My fiancée Rachel and I bought a house recently. It’s an older home — over 100 years standing — with great character and in a good location. It’s a quick walk from a quaint little downtown, a hop, skip, and a jump from a lake, and is a much shorter work commute for both of us.
I previously owned a townhouse during our courtship, which I had been in the process of purchasing when we first met. Not wanting to start our marriage with two mortgages, I immediately placed my townhouse on the market and was blessed to have it sold within a week — at a profit, no less. That’s something I never thought would happen in just one year of owning it and after I had taken a substantial loss on my previous home during the market crash last decade.
Interestingly, the closing of my townhouse and our new home were the exact same date. Knowing full well that the hassles of selling a home while also buying one, and getting all the paperwork and other logistics done in a timely fashion, doesn’t always work in one’s favor, I was pleased that the stars aligned and worked out so well. I feel blessed that God showered blessings down upon us.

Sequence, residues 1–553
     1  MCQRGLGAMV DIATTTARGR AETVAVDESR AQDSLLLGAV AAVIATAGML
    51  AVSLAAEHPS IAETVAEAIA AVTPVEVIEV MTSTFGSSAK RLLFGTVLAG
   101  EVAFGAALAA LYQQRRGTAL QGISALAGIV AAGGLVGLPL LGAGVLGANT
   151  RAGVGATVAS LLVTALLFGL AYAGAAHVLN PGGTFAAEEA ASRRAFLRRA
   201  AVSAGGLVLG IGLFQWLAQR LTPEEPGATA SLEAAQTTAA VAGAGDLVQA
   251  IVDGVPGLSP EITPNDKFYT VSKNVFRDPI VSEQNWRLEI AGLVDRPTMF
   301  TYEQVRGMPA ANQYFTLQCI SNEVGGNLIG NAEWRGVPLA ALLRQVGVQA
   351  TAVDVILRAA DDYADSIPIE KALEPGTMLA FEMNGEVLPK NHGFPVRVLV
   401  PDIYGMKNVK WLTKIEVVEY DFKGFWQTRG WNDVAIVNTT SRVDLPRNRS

One of my fondest memories of my townhouse was that it was the hub for good bonding between Rachel and me. As I mentioned, I was in the middle of buying the place when we met. The first time Rachel saw the place was at the inspection. I brought her along to get a view of the place we might spend nights curled up on the couch watching movies and the kitchen in which we might have home-cooked dinners. As the inspector was making the rounds checking out all the nooks and crannies and testing everything the layperson knows nothing about, Rachel and I were relaxing on the newly-carpeted living room floor and decided to take a selfie together. To this day, after hundreds of photos, that particular one is still one of my favorite pictures we’ve ever taken together.
The next time Rachel and I were in the townhouse together was the day I officially bought it. After the closing in the afternoon, I drove to the empty house and Rachel and her mother met me there. We popped some champagne and they presented me with some generous housewarming gifts. Rachel bought me a beautiful painting of the Last Supper which I proudly hung in the kitchen above the table. I love that picture, not only for what’s in it but what’s behind it as well.